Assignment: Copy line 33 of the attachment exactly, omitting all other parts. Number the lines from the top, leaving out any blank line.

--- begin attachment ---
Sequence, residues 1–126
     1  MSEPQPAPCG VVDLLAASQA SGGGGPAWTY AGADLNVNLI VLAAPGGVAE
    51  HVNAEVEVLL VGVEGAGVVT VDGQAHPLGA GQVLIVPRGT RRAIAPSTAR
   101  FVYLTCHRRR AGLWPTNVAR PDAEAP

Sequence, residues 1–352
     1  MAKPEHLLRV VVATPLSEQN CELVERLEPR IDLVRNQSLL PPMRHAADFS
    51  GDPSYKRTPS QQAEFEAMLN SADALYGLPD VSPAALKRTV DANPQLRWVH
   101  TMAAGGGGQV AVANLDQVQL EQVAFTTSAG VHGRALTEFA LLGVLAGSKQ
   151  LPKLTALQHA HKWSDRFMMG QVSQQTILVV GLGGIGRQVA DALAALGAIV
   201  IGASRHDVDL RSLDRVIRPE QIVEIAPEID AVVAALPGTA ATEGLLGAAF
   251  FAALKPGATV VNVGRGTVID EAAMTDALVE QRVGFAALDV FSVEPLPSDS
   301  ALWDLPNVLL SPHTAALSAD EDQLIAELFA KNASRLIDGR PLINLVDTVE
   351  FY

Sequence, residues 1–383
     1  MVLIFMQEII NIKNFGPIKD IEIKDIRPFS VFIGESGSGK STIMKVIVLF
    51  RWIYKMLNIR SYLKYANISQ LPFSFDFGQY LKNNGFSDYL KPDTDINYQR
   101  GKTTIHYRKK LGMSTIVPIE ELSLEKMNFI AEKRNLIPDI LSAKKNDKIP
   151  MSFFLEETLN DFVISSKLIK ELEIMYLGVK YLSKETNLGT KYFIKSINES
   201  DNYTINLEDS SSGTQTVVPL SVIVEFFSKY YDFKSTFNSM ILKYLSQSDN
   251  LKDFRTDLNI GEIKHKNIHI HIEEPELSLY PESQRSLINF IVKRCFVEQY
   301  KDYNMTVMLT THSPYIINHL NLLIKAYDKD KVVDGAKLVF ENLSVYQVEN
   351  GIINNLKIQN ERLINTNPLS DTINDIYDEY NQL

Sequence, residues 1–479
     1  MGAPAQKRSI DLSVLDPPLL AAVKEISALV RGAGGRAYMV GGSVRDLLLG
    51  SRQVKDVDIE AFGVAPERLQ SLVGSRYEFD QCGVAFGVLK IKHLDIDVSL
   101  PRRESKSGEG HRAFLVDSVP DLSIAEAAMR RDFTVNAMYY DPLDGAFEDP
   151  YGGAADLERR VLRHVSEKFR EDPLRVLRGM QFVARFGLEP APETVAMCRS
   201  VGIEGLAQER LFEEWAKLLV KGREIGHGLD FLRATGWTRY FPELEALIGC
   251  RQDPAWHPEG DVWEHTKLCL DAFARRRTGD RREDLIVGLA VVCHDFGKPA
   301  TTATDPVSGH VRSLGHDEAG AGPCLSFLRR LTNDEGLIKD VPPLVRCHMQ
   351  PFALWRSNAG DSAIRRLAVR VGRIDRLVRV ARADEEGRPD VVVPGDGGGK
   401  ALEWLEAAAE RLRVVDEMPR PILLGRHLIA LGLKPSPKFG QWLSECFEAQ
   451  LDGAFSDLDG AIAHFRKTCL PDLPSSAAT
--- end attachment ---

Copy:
   451  LDGAFSDLDG AIAHFRKTCL PDLPSSAAT